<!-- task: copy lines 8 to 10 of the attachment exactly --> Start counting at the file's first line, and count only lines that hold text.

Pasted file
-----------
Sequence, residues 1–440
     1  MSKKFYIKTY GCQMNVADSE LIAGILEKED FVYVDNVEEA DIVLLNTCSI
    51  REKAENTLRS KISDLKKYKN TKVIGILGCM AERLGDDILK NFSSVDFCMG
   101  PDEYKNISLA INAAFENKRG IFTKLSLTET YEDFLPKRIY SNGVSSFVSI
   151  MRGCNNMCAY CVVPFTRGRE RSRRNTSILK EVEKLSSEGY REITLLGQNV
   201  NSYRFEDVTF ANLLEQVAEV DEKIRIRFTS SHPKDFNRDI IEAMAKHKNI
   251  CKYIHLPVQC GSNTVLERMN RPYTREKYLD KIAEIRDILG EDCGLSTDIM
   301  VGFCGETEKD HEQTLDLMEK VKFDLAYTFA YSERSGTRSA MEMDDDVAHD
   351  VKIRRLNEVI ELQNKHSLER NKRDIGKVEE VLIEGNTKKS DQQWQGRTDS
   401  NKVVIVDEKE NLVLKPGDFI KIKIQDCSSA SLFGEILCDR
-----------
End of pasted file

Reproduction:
   301  VGFCGETEKD HEQTLDLMEK VKFDLAYTFA YSERSGTRSA MEMDDDVAHD
   351  VKIRRLNEVI ELQNKHSLER NKRDIGKVEE VLIEGNTKKS DQQWQGRTDS
   401  NKVVIVDEKE NLVLKPGDFI KIKIQDCSSA SLFGEILCDR